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Barclays group finance director faces FSA investigation

Barclays Rain 480

Barclays group finance director Chris Lucas is under investigation by the FSA over disclosure failures relating to “certain commercial arrangements” and whether they were linked to Barclays capital raisings in June and November 2008.

The investigation also involves three other current and former Barclays employees.There are no further details at this stage.

In a statement, Barclays says: “The FSA has commenced an investigation involving Barclays and four current and former senior employees, including Chris Lucas, group finance director.

“The FSA is investigating the sufficiency of disclosure in relation to fees payable under certain commercial agreements and whether these may have related to Barclays capital raisings in June and November 2008.

“Barclays considers that it satisfied its disclosure obligations and confirms that it will cooperate fully with the FSA’s investigation.”

An FSA spokesman declines to explain the nature of the investigation but says the decision to make it public was made independently by Barclays.

The bank’s interim statement, published today, reveals statutory pre-tax profits fell 71 per cent from £2.6bn in the first six months of 2011 to £759m during the same period this year.

Barclays adjusted pre-tax profit figure, which excludes the impact a number of factors including PPI redress, was up 13 per cent from £3.7bn to £4.2bn.

The bank was forced to set aside £300m for PPI misselling claims in the first half of 2012.

Barclays has also made a £450m provision for redress in relation to interest rate hedging products sold to small and medium sized business.

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Comments

There are 2 comments at the moment, we would love to hear your opinion too.

  1. A bit like Totters Independent Traders, Barclays are still making some cash after the fines. No income tax, no VAT, no money back, no guarantee. lmao.

  2. There is an old saying – when in trouble, attack. It doesn’t really matter who you attack, just as long as you can divert attention from your own failings.
    Barclays made statements during the recent Parliament Committee sessions regarding the monitoring of LIBOR that should in a normal democratic society have triggered calls for a serious investigation of the ability of the FSA and the BoE to do its job. Both Regulators apparently did get warning bells in 2008, possibly 2007, but nothing is done. Barclays have been castigated. There are other Banks that apparently should be castigated, but no word on them to date. 4 years after the first hints. The FSA have made public their dislike of Barclays business culture. Is this the reason that they are the only one, currently, in the firing line? I wonder if we will ever hear of the others.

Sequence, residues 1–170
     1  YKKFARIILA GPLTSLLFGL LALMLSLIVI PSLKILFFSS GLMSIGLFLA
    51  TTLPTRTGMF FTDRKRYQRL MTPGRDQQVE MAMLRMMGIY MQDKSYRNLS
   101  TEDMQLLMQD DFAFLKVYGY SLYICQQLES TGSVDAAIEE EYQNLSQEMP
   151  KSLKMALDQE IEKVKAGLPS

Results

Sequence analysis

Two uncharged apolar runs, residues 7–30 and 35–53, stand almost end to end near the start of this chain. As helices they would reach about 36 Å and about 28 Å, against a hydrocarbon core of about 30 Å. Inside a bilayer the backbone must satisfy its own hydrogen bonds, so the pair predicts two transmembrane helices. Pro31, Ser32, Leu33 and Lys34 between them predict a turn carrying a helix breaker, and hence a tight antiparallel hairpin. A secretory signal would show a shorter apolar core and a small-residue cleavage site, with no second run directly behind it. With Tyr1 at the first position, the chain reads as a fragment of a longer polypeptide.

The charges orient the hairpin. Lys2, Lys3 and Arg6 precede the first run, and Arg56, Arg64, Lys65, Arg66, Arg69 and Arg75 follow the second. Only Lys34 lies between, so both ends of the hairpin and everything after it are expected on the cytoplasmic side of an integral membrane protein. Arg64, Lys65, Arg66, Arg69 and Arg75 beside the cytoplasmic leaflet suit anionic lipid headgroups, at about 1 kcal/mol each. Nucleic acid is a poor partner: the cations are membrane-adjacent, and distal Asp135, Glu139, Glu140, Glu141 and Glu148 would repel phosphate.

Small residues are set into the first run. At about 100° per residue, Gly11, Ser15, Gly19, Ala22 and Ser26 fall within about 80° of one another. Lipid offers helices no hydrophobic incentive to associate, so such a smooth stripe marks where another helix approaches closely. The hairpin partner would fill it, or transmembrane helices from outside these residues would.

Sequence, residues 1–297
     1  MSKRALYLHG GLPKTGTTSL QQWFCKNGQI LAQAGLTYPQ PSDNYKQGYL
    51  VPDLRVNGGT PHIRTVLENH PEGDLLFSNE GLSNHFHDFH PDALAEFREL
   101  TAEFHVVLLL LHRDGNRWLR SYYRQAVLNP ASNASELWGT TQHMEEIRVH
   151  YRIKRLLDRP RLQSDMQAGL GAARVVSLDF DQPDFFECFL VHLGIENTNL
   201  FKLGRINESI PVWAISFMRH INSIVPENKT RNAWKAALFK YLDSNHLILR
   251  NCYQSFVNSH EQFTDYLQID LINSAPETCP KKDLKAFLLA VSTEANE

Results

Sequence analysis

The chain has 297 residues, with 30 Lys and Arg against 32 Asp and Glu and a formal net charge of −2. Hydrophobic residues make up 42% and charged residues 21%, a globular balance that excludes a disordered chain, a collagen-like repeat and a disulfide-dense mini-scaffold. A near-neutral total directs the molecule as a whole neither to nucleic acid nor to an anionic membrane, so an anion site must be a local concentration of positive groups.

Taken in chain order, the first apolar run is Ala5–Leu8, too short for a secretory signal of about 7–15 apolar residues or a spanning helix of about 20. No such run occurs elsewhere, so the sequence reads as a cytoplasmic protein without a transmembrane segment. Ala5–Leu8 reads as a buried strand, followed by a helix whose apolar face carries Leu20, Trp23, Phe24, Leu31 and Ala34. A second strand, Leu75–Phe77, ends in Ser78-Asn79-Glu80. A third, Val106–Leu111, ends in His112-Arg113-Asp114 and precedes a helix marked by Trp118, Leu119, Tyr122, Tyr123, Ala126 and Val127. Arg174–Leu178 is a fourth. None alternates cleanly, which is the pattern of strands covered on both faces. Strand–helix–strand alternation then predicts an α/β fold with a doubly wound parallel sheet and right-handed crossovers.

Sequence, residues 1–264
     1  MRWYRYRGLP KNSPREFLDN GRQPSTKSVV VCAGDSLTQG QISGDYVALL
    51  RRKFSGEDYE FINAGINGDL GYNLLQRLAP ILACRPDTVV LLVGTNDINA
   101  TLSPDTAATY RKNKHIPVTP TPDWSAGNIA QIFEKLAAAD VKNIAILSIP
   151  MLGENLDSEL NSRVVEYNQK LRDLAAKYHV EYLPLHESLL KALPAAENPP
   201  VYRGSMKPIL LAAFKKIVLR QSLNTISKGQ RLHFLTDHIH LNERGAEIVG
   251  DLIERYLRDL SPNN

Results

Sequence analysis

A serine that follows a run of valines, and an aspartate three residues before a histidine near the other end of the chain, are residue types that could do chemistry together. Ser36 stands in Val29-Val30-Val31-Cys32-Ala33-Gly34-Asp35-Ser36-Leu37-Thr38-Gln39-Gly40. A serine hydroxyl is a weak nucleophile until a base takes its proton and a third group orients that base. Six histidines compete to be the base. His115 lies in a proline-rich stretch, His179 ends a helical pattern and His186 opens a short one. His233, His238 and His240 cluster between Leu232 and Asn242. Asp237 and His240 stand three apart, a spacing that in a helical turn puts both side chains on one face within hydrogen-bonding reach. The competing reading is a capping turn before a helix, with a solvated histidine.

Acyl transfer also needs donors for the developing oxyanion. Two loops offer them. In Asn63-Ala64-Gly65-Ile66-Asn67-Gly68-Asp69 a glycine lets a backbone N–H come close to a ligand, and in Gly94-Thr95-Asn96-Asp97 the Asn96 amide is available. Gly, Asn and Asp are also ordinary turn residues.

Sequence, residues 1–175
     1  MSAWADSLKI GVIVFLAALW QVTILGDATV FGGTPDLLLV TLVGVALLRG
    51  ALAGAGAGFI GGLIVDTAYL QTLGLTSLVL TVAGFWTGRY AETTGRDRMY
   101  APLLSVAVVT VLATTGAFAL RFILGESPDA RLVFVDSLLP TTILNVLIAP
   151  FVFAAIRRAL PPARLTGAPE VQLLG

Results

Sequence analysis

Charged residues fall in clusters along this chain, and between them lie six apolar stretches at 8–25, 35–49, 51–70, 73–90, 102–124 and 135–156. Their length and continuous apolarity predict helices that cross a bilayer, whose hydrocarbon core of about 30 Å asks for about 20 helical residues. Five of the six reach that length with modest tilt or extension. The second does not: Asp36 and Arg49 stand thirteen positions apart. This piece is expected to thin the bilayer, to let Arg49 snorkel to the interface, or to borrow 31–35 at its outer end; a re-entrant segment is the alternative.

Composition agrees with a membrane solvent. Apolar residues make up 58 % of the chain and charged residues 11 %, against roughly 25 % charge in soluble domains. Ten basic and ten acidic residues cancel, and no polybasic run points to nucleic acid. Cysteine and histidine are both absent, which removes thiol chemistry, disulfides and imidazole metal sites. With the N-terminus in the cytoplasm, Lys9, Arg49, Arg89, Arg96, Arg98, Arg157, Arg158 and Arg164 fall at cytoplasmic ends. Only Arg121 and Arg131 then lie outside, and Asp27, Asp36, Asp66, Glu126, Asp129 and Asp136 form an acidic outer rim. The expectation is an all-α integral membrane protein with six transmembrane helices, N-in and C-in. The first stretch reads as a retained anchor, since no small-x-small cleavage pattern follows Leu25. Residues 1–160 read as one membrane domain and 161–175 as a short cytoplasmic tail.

And what also happened in 2008 that the FSA missed. Middle East investors bailed out Barclays Bank, and made quite a killing for taking a high risk stake in the Bank. I can remember those deals from the newspaper reports. Why? Because a large part of the coverage related to the amount of commission that was being paid to certain individuals. (Yes, I was green with envy). The question arises then as to how there can be failures relating to disclosure. The newspapers knew, and so did the rest of the world. If there was a failure to disclose how did the newspapers get the information?
    I believe that this matter has nothing at all to do with regulation. 4 years after the transaction, during which they have again been looking the other way, we have an investigation. Just when questions are being asked about the competence and probity of the FSA. Is this a co-incidence? Or it it spite?
    To me the most corrupt part of this episode is the FSA themselves. When there is a problem they lash out indiscriminately in order to deflect attention from their own inadequacies.
    I’m no fan of Barclays, but this type of behaviour by the FSA is more likely to earn Barclays sympathy. A lot happened in 2008 and 4 years on the FSA are still struggling to come to terms with it.
    The chief actors at Barclays have resigned. Have you ever heard of anyone resigning for incompetence from a Regulator? Are the FSA so rotten from head to foot that no one has the integrity to resign because of these failures? And without integrity what value is a Regulator?

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